Double jeopardy is relevant in Mr. Ukrainskiy’s case because he was charged with and convicted in a Thai court for money laundering, involving facts that overlap with facts associated with the charges for which the U.S. is seeking extradition. Should the Thai court, when considering double jeopardy, look only to the name of the crime in its determination? Must the U.S. money laundering charges fail under double jeopardy because Mr. Ukrainsky was convicted of money laundering in Thailand – as the crimes in Thailand and the U.S. have the same name – “money laundering”? Or, should the Thai court not focus on the name of the crime in both countries, but focus on what facts underly the charges in the two jurisdictions? Are the facts underlying the Thai charges identical to or different from the facts underlying the U.S. charges? If the money laundering claim in the U.S. is excluded from consideration, can extradition occur on the other two charges – bank fraud and wire fraud?

The Political Question Doctrine & Whether Mr. Ukrainskiy get a fair trial in the U.S.?

The Thai / U.S. extradition treaty bans extradition when the crime charged is political in nature (e.g., treason, defamation of the government) or when the crime is charged for political purposes. In this case, there is no allegation that the crimes charged – bank fraud, wire fraud, money laundering – are political offenses. However, Mr. Ukrainsky would argue that he was prosecuted for political purposes, for example, so that the U.S. might extract information from him related to his service as a prosecutor during Soviet days.

Furthermore, Mr. Ukrainskiy argues that it is impossible for him to receive a fair trial in the U.S. today since he is a Russian charged with cybercrimes, given negativity associated with a dozen Russians who allegedly hacked into the Democratic National Committee’s website in 2016 during the Presidential Elections, charges of collusion with Russia during the 2016 Presidential campaign, the number of high-profile Russians extradited to the U.S. or sought to be extradited to the U.S. for cybercrimes, and the number of Russians indicted through the Special Counsel Robert Mueller investigation. Mr. Ukrainskiy e would argue that U.S. jury might be biased against him, as a Russian facing computer charges, particularly of the magnitude charged.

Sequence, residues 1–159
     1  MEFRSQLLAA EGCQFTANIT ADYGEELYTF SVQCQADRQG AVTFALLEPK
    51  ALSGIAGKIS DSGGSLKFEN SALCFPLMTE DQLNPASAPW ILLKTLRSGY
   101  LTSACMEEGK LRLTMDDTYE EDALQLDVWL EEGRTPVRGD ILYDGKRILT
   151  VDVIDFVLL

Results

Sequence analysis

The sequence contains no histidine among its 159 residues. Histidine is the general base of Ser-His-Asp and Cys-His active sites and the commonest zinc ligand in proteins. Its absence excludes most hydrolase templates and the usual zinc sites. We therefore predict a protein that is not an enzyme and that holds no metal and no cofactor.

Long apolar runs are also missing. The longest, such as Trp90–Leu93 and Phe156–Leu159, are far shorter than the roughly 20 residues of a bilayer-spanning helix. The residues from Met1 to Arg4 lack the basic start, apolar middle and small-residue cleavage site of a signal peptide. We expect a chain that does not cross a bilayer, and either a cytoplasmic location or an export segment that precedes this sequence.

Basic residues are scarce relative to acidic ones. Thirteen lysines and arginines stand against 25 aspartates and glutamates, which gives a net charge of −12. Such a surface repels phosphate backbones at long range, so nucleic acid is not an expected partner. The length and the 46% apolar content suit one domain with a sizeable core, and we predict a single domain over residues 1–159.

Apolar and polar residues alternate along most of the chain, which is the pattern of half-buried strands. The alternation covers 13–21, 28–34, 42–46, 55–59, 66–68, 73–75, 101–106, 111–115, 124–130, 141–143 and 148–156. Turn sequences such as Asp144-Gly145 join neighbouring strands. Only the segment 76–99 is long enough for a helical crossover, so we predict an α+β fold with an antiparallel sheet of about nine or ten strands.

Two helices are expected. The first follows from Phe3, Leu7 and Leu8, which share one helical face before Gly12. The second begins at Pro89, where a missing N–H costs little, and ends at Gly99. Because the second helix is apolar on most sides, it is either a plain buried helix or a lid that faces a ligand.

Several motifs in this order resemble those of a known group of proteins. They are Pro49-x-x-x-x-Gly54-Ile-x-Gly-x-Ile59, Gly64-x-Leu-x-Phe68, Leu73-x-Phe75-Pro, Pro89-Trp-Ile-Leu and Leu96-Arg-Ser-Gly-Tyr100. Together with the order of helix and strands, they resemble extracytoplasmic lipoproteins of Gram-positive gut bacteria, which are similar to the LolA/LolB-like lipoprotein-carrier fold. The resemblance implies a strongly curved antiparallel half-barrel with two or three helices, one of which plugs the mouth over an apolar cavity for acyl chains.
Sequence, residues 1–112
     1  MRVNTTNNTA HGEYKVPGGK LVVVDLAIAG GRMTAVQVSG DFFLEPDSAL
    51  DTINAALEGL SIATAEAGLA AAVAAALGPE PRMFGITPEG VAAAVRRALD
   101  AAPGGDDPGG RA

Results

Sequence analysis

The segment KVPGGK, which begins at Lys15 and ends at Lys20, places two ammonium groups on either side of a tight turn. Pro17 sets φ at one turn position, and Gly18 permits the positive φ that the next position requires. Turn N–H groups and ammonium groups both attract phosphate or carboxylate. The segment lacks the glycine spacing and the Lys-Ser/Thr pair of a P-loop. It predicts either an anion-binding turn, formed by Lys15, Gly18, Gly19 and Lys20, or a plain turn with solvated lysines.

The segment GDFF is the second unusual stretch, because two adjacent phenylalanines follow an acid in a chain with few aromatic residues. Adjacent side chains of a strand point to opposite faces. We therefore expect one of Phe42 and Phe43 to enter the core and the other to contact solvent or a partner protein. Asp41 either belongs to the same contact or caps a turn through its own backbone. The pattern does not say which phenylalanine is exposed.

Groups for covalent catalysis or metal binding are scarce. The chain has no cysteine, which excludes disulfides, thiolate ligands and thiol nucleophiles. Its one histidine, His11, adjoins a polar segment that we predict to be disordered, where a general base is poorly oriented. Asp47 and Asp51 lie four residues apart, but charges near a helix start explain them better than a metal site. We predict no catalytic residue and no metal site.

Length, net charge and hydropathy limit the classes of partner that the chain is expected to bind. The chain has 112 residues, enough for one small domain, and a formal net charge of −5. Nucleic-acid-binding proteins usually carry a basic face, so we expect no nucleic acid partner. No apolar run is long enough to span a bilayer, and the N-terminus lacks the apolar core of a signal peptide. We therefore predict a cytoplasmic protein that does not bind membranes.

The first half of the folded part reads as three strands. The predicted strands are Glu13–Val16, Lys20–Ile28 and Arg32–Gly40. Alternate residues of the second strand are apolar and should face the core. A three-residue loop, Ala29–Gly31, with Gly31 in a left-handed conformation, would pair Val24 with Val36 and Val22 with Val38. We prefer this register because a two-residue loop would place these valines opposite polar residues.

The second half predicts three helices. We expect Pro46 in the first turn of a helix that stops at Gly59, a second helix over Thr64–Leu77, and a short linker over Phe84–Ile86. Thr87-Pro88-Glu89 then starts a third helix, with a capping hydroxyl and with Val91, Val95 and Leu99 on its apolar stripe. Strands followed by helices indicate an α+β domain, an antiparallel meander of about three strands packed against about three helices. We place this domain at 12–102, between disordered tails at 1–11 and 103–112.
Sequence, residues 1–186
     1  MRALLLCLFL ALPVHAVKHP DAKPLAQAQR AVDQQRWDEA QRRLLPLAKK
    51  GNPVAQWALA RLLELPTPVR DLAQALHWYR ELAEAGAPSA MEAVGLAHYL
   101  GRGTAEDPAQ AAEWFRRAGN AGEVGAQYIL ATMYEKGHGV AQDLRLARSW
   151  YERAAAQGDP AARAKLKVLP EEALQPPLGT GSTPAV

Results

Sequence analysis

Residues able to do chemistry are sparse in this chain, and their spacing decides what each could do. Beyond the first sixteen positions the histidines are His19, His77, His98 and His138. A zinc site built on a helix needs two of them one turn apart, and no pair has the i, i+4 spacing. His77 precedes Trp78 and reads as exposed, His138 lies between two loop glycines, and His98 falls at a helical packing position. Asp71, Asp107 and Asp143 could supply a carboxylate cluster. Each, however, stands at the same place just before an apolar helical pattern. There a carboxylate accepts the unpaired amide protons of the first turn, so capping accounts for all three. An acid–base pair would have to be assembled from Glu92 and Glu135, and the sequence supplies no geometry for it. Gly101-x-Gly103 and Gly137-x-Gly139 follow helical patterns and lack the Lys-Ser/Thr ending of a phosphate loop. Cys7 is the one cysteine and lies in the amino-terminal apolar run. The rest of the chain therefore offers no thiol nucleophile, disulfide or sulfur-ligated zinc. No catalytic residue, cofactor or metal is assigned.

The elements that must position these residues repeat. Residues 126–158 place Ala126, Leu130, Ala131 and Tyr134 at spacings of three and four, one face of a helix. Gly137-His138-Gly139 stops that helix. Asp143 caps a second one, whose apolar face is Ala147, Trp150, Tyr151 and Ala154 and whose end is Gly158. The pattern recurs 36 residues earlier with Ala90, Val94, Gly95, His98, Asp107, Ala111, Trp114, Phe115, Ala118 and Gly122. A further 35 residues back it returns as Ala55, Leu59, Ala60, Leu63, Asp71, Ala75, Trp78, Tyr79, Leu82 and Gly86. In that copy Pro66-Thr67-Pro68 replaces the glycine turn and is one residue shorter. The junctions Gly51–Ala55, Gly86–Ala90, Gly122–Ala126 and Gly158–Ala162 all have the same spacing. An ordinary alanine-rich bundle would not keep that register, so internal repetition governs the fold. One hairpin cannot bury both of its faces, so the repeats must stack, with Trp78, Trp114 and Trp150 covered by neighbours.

The 12 November Extradition Hearing in Bangkok

A hearing in the Bangkok Criminal Court was scheduled for 1:30 p.m., Monday, 12 November 2018, at which a panel of 4 judges was to hear arguments as to whether the U.S. extradition request should be granted.

By 1:15 p.m., major stakeholders in the case were in the spartan, 8th floor courtroom, including representatives from the U.S. Embassy (Department of Justice Attaché) and the Russian Embassy (Consul General), apparent representation from the Thai Ministry of Foreign Affairs, the Thai criminal prosecution, Mr. Ukrainskiy’s legal defense team, Russian media,  a friend of Mr. Ukrainskiy, representation from the Indiana University McKinney School of Law and Chulalongkorn Law Faculty, and observers.

Mr. Ukrainskiy was brought into the courtroom, in prison garb and ankle shackles, wearing a light blue surgical face mask.

By 1:30, the panel of two male and two female judges solemnly entered. After dealing with short matters  on other cases, the chief judge called Mr. Ukrainskiy’s case.

The chief judge announced that the Russian / Thai interpreter had phoned saying she was ill and would not be in court. Apparently only one certified Russian / Thai court reporter exists in Thailand, and when she is out, no certified Russian / Thai interpretation can occur. She was expected back in about 2 weeks.

At the hearing, Mr. Ukrainskiy, as the hearing’s key witness, would have testified as to why he should not be extradited to the U.S.